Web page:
Volume 636, April 2020
|Number of page(s)||27|
|Section||Interstellar and circumstellar matter|
|Published online||13 April 2020|
Exploring molecular complexity with ALMA (EMoCA): complex isocyanides in Sgr B2(N)
Department of Chemistry, University of Virginia,
2 Department of Astronomy, University of Virginia, Charlottesville, VA 22904, USA
3 Max-Planck-Institut für Radioastronomie, Auf dem Hügel 69, 53121 Bonn, Germany
4 I. Physikalisches Institut, Universität zu Köln, Zülpicher Str. 77, 50937 Köln, Germany
Accepted: 28 February 2020
Context. The Exploring Molecule Complexity with ALMA (EMoCA) survey is an imaging spectral line survey using the Atacama Large Millimeter/submillimeter Array (ALMA) to study the hot-core complex Sagittarius B2(N). Recently, EMoCA revealed the presence of three new hot cores in this complex (N3-N5), in addition to providing detailed spectral data on the previously known hot cores in the complex (N1 and N2). The present study focuses on N2, which is a rich and interesting source for the study of complex molecules whose narrow line widths ameliorate the line confusion problem.
Aims. We investigate the column densities and excitation temperatures of cyanide and isocyanide species in Sgr B2(N2). We then use state-of-the-art chemical models to interpret these observed quantities. We also investigate the effect of varying the cosmic-ray ionization rate (ζ) on the chemistry of these molecules.
Methods. We used the EMoCA survey data to search for isocyanides in Sgr B2(N2) and their corresponding cyanide analogs. We then used the coupled three-phase chemical kinetics code MAGICKAL to simulate their chemistry. Several new species, and over 100 new reactions have been added to the network. In addition, a new single-stage simultaneous collapse/warm-up model has been implemented, thus eliminating the need for the previous two-stage models. A variable, visual extinction-dependent ζ was also incorporated into the model and tested.
Results. We report the tentative detection of CH3NC and HCCNC in Sgr B2(N2), which represents the first detection of both species in a hot core of Sgr B2. In addition, we calculate new upper limits for C2H5NC, C2H3NC, HNC3, and HC3NH+. Our updated chemical models can reproduce most observed NC:CN ratios reasonably well depending on the physical parameters chosen. The model that performs best has an extinction-dependent cosmic-ray ionization rate that varies from ~2 × 10−15 s−1 at the edge of the cloud to ~1 × 10−16 s−1 in the center. Models with higher extinction-dependent ζ than this model generally do not agree as well, nor do models with a constant ζ greater than the canonical value of 1.3 × 10−17 s−1 throughout the source. Radiative transfer models are run using results of the best-fit chemical model. Column densities produced by the radiative transfer models are significantly lower than those determined observationally. Inaccuracy in the observationally determined density and temperature profiles is a possible explanation. Excitation temperatures are well reproduced for the true “hot core” molecules, but are more variable for other molecules such as HC3N, for which fewer lines exist in ALMA Band 3.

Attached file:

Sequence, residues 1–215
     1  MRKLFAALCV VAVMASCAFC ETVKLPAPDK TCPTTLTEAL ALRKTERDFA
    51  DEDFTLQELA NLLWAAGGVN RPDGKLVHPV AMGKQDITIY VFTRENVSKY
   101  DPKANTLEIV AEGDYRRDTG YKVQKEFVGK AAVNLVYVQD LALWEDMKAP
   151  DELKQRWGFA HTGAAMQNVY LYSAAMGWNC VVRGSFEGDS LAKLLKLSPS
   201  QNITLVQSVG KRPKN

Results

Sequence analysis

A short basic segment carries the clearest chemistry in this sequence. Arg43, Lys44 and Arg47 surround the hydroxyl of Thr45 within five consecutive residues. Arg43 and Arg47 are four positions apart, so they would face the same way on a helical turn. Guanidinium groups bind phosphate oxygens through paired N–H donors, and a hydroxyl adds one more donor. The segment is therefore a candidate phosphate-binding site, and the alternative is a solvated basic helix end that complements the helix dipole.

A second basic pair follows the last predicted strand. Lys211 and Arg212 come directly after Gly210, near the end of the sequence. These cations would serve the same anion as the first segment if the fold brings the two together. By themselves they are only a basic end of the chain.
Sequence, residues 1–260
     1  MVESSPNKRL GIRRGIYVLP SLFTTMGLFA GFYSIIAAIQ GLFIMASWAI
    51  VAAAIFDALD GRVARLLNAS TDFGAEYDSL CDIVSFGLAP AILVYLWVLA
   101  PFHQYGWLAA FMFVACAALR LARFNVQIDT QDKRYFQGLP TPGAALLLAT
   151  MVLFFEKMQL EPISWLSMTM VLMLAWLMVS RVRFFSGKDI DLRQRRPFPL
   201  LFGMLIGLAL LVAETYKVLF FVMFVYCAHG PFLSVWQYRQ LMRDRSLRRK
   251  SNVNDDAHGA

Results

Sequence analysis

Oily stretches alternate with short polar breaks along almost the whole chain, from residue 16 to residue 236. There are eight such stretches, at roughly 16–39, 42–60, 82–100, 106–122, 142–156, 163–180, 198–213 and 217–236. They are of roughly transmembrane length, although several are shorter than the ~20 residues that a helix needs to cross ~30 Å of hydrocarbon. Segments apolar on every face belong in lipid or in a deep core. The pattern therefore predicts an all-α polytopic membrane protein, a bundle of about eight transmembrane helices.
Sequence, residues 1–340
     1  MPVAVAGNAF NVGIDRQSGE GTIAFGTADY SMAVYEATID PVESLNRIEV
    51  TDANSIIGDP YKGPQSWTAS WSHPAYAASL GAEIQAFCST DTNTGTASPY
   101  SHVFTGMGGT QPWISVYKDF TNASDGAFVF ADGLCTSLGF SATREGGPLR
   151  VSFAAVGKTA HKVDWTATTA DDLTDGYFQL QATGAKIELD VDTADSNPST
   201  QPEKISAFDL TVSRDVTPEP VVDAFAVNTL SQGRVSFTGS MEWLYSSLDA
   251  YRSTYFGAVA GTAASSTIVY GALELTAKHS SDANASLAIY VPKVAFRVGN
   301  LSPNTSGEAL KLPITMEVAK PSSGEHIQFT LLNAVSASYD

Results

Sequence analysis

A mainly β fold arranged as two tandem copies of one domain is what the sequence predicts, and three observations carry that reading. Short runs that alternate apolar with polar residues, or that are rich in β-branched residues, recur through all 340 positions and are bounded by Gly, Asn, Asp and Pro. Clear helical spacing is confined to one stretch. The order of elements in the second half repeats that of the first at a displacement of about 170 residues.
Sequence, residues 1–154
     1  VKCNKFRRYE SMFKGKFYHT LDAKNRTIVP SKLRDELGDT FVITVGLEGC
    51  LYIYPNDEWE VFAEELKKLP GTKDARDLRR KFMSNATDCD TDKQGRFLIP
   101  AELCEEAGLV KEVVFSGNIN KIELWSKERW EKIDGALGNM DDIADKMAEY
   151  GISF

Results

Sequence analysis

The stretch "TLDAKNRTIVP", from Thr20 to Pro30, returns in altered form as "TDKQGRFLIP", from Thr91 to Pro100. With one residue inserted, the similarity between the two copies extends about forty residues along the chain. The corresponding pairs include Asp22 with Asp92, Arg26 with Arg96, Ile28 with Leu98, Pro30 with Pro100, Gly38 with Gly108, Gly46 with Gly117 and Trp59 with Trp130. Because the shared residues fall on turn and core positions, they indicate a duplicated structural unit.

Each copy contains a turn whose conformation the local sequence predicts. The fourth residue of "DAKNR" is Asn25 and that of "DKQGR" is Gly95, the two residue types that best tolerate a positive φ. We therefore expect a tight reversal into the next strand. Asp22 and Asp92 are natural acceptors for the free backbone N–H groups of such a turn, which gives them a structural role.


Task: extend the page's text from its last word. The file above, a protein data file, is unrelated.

Conclusions. The updated chemical models do a very good job of reproducing the observed abundances ratio of CH3NC:CH3CN towards Sgr B2(N2), while being consistent with upper limits for other isocyanide/cyanide pairs. HCCNC:HC3N is poorly reproduced, however. Our results highlight the need for models with AV-depdendent ζ. However, there is still much to be understood about the chemistry of these species, as evidenced by the systematic overproduction of HCCNC. Further study is also needed to understand the complex effect of varying ζ on the chemistry of these species. The new single-stage chemical model should be a powerful tool in analyzing hot-core sources in the future.
Key words: astrochemistry / line: identification / molecular data / radio lines: ISM / ISM: individual objects: Sagittarius B2(N) / ISM: molecules
© ESO 2020
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